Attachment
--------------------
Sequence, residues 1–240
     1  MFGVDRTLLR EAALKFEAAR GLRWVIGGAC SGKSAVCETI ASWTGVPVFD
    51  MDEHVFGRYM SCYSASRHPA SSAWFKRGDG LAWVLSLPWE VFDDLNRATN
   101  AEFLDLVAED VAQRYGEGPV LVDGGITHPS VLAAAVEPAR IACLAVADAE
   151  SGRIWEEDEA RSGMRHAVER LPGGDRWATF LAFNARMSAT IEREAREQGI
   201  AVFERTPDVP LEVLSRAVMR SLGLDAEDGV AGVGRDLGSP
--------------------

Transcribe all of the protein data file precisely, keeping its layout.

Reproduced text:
Sequence, residues 1–240
     1  MFGVDRTLLR EAALKFEAAR GLRWVIGGAC SGKSAVCETI ASWTGVPVFD
    51  MDEHVFGRYM SCYSASRHPA SSAWFKRGDG LAWVLSLPWE VFDDLNRATN
   101  AEFLDLVAED VAQRYGEGPV LVDGGITHPS VLAAAVEPAR IACLAVADAE
   151  SGRIWEEDEA RSGMRHAVER LPGGDRWATF LAFNARMSAT IEREAREQGI
   201  AVFERTPDVP LEVLSRAVMR SLGLDAEDGV AGVGRDLGSP